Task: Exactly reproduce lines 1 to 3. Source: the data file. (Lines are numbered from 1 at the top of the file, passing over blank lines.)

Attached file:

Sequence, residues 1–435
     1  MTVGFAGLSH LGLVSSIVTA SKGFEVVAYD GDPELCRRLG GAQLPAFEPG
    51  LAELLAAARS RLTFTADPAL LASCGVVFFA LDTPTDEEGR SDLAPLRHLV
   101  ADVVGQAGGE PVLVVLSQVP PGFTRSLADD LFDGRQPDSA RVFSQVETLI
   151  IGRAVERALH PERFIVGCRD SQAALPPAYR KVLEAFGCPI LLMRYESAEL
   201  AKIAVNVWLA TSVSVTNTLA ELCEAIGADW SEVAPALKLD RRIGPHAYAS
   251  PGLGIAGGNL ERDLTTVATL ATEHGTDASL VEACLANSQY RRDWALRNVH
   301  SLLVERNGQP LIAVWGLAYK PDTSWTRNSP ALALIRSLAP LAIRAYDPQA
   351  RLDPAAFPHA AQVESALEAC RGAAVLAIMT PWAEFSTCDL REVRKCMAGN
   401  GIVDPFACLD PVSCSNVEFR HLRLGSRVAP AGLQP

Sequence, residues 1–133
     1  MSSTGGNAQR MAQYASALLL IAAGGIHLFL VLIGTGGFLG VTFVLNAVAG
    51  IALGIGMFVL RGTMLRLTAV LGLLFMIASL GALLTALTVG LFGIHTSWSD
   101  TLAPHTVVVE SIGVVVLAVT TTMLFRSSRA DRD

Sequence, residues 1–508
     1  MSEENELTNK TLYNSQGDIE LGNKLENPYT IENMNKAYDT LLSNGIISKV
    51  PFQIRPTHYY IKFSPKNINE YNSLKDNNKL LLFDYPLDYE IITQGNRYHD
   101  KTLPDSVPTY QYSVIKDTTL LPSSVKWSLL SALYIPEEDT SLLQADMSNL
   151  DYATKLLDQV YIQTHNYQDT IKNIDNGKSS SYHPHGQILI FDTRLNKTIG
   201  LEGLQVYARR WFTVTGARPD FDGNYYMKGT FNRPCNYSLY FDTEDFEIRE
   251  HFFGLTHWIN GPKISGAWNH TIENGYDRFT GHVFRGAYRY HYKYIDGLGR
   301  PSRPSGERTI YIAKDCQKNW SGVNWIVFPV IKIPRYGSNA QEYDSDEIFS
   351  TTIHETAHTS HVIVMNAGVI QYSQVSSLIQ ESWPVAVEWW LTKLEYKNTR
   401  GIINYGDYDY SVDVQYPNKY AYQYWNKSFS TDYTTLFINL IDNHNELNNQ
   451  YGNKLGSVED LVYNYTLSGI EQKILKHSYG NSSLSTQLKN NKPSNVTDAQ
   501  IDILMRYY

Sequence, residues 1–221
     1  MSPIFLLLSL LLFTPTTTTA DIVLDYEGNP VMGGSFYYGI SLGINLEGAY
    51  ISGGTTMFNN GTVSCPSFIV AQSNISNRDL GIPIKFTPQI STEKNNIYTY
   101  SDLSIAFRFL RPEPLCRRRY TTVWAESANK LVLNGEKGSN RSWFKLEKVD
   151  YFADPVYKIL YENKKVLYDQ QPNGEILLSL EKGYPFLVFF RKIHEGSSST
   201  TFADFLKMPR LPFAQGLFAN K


Sequence, residues 1–435
     1  MTVGFAGLSH LGLVSSIVTA SKGFEVVAYD GDPELCRRLG GAQLPAFEPG
    51  LAELLAAARS RLTFTADPAL LASCGVVFFA LDTPTDEEGR SDLAPLRHLV